Demographic shift will drag on life insurers’ profits: says new report

The Conference Board of Canada report shows wholesale change already in process for life and health providers

Demographic shift will drag on life insurers’ profits: says new report
Canada’s aging population will weigh heavily on the growth prospects for the life insurance industry, according to a new report from The Conference Board of Canada.

In addition, the study showed that the industry’s digital evolution could mean sales agents being replaced by automated versions. 

Data from The Conference Board of Canada shows that combined revenue for life and health providers increased to $85 billion in the first three quarters of 2016, adjusted for seasonality. This was offset by costs of $89 billion, however, leaving the industry in the red after recording a profit of $6.3 billion in 2015. 

Michael Burt, director, Industrial Trends at The Conference Board of Canada identifies how the next decade is set to transform the life and health space. 

“When you look at the fact that one out of five Canadians will be over the age of 65 in the next 5–10 years, that’s a large chunk of the population, so it is leading to a real change in the products the life and health industry are providing,” he says. 

When it comes to the life space, customers will increasingly use these type of products for when they are still alive, believes Burt.   

“Things like term life will become less important, but annuities and other financial payments outside of death will become more important,” he says. “Life insurance will become more of an investment vehicle for people.”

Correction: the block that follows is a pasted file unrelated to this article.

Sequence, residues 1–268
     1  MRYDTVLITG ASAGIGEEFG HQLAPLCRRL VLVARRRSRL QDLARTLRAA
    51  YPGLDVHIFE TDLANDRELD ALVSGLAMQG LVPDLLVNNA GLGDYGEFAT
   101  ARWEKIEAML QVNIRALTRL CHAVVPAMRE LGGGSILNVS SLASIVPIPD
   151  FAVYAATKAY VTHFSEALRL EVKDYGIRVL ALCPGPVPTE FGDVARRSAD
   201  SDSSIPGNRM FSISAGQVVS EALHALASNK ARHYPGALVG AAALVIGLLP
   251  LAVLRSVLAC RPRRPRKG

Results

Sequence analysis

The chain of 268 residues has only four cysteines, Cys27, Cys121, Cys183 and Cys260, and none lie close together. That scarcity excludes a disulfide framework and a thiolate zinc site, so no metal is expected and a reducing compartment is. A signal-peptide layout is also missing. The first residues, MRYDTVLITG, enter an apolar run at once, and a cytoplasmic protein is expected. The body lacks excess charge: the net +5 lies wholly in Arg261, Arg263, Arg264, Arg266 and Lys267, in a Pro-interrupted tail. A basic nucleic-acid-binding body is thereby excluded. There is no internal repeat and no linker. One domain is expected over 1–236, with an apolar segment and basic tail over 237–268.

For health insurance meanwhile, the industry will need to provide more options for Canada’s growing ranks of retirees. 

“Health providers will move away from group programs towards more individual-focused programs. They are better suited to people that are no longer employed,” he adds. 

Another major focus of the report was how technology was changing employment trends for life and health providers. Consumers in 2017 expect easier access to products and increasingly this is negating the need for a sales professional. In contrast, the need for specialists in data analytics continues to grow.  

“We are looking at HR trends and we are seeing things like writing policies are increasingly becoming automated,” he says. “There is growing demand for data analytics-type services. That is one of the key challenges for the industry, hiring the talent they need.” 

The difficulty in finding these workers comes from the fact that life and health insurers are far from the only industry currently on the lookout. It means people that possess those skills have plenty of choice, but things aren’t looking so rosy for those on the sales side. 

“They are competing with other industries that are also going through this transition, so that’s a key challenge – getting those skills and applying them to your business model,” says Burt. “You are also seeing things like customer service potentially moving away from a broker model to an automated agent.” 

Related stories:
Taxing health and dental plans may cost Canadians at least $1,000 more per year
Seniors’ transportation needs critical to healthy living, says report